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Vestibular-Somatosensory Interactions: Effects of Passive Whole-Body Rotation on Somatosensory Detection

  • Elisa Raffaella Ferrè ,

    e.ferre@ucl.ac.uk

    Affiliation Institute of Cognitive Neuroscience, University College London, London, United Kingdom

  • Mariia Kaliuzhna,

    Affiliation Laboratory of Cognitive Neuroscience, Brain Mind Institute, École Polytechnique Fédérale de Lausanne, Lausanne, Switzerland

  • Bruno Herbelin,

    Affiliation Laboratory of Cognitive Neuroscience, Brain Mind Institute, École Polytechnique Fédérale de Lausanne, Lausanne, Switzerland

  • Patrick Haggard,

    Affiliation Institute of Cognitive Neuroscience, University College London, London, United Kingdom

  • Olaf Blanke

    Affiliation Laboratory of Cognitive Neuroscience, Brain Mind Institute, École Polytechnique Fédérale de Lausanne, Lausanne, Switzerland

Vestibular-Somatosensory Interactions: Effects of Passive Whole-Body Rotation on Somatosensory Detection

  • Elisa Raffaella Ferrè, 
  • Mariia Kaliuzhna, 
  • Bruno Herbelin, 
  • Patrick Haggard, 
  • Olaf Blanke
PLOS
x

Abstract

Vestibular signals are strongly integrated with information from several other sensory modalities. For example, vestibular stimulation was reported to improve tactile detection. However, this improvement could reflect either a multimodal interaction or an indirect interaction driven by vestibular effects on spatial attention and orienting. Here we investigate whether natural vestibular activation induced by passive whole-body rotation influences tactile detection. In particular, we assessed the ability to detect faint tactile stimuli to the fingertips of the left and right hand during spatially congruent or incongruent rotations. We found that passive whole-body rotations significantly enhanced sensitivity to faint shocks, without affecting response bias. Critically, this enhancement of somatosensory sensitivity did not depend on the spatial congruency between the direction of rotation and the hand stimulated. Thus, our results support a multimodal interaction, likely in brain areas receiving both vestibular and somatosensory signals.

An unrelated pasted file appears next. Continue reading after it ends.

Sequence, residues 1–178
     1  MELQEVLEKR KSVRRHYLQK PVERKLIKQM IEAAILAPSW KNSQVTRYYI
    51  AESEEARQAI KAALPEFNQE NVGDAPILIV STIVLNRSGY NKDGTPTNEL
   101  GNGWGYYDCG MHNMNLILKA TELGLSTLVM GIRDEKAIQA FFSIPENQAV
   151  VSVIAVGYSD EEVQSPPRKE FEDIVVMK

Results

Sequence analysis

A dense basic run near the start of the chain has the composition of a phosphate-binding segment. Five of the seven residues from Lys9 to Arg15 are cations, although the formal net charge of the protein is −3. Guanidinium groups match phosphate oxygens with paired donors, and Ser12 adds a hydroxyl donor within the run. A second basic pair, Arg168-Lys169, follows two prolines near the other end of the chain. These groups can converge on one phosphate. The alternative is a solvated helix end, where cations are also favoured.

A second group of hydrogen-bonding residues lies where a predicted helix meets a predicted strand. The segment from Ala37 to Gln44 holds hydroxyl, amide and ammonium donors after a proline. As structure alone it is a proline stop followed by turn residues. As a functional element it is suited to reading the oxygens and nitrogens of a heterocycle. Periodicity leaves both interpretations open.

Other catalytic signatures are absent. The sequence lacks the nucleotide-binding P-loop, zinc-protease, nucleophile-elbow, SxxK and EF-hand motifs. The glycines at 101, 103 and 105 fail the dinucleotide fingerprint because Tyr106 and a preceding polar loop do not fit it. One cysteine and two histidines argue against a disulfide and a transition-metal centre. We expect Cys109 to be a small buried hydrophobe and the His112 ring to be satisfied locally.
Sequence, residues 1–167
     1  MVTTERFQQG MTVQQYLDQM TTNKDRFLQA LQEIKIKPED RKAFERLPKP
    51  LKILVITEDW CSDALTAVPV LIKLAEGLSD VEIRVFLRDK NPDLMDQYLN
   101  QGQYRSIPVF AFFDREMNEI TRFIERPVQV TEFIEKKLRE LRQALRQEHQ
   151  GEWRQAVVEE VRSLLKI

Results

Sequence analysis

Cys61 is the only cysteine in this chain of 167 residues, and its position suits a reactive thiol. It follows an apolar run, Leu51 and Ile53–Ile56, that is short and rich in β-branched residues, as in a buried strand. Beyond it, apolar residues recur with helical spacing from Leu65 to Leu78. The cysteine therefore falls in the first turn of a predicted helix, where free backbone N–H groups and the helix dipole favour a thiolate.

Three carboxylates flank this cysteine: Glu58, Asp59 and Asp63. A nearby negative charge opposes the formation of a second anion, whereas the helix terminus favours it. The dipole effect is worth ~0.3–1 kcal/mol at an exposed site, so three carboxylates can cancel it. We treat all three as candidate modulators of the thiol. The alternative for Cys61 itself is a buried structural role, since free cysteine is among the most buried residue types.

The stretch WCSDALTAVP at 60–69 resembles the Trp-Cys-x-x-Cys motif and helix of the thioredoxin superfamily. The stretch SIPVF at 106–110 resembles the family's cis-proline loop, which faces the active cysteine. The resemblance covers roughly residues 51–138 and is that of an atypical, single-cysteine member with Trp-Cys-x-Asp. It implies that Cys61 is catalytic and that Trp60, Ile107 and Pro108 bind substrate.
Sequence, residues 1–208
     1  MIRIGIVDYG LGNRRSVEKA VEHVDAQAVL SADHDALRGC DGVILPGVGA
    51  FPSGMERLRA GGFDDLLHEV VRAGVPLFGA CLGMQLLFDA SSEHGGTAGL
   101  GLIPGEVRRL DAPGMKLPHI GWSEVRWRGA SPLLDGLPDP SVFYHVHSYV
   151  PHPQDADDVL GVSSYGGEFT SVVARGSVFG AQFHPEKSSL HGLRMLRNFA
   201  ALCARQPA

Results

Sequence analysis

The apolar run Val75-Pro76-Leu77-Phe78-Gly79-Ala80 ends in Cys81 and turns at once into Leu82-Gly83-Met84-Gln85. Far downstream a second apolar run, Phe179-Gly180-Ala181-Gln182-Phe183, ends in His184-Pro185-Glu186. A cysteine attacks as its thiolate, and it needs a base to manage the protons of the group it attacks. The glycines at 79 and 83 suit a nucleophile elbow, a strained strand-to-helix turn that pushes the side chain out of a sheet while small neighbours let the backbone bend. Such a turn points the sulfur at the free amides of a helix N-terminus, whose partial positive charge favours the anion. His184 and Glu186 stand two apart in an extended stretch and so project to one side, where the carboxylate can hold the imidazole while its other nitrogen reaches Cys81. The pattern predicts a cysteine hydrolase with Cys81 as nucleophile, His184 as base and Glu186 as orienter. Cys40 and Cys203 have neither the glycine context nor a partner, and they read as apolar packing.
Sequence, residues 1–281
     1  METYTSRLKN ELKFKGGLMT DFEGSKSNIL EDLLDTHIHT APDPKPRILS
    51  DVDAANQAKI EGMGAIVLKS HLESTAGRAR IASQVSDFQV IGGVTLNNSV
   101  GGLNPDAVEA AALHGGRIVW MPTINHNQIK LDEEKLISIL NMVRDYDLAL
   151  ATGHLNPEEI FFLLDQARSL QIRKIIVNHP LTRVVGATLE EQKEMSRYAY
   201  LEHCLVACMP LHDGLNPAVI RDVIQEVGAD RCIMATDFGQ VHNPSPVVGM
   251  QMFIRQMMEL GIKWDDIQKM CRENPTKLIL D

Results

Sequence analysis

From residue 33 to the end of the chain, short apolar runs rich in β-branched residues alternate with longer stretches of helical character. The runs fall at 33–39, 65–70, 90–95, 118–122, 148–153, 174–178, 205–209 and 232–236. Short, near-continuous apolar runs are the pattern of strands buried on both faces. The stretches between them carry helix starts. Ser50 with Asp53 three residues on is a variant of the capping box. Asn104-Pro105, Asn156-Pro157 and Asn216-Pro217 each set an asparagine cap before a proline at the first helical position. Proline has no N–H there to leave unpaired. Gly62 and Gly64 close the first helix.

Introduction

Vestibular signals contribute to several complex behaviours and cognitive functions and are integrated with inputs from other sensory modalities. For example, the vestibular system plays a key role in spatial orientation and self-motion detection. Consistent with this view, functional neuroimaging studies in humans revealed that vestibular inputs project to a network of subcortical and cortical multimodal areas, particularly to the posterior insula and adjacent operculum [1], [2], [3], [4], [5].